FACTA Tax Evasion Law: What You Need to Know
The Foreign Account Tax Compliance Act (FATCA) has now been in force for about a year now. Its goal: to prevent millions of U.S. taxpayers, and the global financial institutions that serve them, from evading U.S. tax on income and assets held outside the United States.
As our Terry Ritchie explains in an article at ADVISOR.CA, the law affects seven million Americans who live or work abroad, including 1 million in Canada. “U.S. cross border tax and financial planning ” must file annual tax returns on worldwide income and disclose interests in accounts or other foreign entities outside of the United States. And under FATCA, non-U.S. financial institutions have to report certain information to IRS about U.S. persons’ bank, investment and other accounts.
The New York Times has documented examples of unfavorable treatment of U.S. persons by FFIs in Europe and elsewhere. But Canadian foreign financial institutions (FFIs) don’t appear to have turned away U.S. persons or closed their accounts due to concerns over FACTA.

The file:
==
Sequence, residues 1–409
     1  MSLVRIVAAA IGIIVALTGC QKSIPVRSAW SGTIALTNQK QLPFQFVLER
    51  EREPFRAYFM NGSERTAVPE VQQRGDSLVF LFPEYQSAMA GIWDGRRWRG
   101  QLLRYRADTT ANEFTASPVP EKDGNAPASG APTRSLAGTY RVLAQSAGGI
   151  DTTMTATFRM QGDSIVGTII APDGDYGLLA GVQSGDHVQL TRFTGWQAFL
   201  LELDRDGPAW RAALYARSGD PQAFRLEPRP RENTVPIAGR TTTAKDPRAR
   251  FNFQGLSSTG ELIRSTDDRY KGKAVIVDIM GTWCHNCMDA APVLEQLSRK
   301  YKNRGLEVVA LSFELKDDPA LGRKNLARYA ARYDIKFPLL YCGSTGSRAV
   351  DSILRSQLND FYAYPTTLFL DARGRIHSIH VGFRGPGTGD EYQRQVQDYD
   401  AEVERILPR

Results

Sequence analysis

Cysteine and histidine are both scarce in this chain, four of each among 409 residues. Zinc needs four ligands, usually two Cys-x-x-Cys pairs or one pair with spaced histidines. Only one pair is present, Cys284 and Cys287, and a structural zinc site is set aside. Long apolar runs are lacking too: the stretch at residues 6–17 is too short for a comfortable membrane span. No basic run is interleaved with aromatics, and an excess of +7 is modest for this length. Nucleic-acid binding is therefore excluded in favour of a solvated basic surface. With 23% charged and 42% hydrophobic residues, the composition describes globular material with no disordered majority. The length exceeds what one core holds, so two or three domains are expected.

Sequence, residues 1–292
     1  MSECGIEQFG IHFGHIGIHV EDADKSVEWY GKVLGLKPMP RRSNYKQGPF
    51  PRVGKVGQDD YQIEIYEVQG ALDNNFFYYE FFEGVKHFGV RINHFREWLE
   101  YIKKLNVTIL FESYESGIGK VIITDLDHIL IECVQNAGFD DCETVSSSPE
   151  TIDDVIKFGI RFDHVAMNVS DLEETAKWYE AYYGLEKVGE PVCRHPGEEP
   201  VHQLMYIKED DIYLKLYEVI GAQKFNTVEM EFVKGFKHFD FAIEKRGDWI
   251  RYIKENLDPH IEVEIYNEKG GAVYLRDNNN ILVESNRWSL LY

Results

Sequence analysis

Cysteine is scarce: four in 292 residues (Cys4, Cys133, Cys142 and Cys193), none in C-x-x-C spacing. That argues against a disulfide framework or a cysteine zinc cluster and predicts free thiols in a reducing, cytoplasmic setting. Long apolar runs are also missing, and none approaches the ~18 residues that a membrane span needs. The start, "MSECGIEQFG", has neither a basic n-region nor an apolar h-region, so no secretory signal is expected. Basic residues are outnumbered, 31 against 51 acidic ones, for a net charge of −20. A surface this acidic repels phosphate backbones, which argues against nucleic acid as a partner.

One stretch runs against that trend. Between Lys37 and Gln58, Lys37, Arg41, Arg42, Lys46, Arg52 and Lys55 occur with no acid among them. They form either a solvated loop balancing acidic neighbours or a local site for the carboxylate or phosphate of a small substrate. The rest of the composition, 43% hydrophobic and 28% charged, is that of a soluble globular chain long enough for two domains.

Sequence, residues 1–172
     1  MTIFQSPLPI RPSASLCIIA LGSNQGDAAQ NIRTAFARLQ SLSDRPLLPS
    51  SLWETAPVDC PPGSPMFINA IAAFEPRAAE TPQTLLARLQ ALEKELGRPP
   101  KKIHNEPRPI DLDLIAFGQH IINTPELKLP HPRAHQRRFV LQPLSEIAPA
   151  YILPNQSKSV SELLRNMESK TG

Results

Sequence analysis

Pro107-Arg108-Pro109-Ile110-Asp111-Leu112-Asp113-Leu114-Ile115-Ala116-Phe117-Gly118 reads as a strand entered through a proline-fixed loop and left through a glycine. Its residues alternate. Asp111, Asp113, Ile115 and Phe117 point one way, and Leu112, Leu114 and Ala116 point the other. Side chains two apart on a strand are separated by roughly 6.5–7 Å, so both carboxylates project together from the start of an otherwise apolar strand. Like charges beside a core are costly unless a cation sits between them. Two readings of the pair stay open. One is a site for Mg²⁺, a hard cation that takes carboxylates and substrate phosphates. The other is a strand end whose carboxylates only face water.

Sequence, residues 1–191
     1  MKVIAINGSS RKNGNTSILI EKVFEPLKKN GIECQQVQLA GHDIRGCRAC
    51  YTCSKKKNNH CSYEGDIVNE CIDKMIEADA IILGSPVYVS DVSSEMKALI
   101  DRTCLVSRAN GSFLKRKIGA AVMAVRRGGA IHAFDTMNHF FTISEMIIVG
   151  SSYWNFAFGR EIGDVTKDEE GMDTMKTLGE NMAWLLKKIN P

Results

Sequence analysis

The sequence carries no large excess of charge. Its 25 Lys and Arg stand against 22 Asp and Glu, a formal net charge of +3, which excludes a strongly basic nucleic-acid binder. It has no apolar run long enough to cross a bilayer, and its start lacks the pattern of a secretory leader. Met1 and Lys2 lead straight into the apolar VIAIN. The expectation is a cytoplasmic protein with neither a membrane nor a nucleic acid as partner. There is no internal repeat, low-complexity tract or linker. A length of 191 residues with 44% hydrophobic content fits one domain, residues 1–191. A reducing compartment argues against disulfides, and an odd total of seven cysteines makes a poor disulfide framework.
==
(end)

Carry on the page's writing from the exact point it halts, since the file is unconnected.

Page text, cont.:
FATCA still faces challenges, including a Canadian lawsuit charging that the cooperation agreement between that country and the United States violates the Canadian Charter of Rights. And in the United States, Congressional Republicans may look to repeal the law if a Republican succeeds Barack Obama as president.
But FATCA may also be applied on a global scale—in what’s being dubbed GATCA. The Organisation for Economic Co-operation and Development is promoting it as a way to curb tax evasion through automatic exchange of information between FFIs around the globe.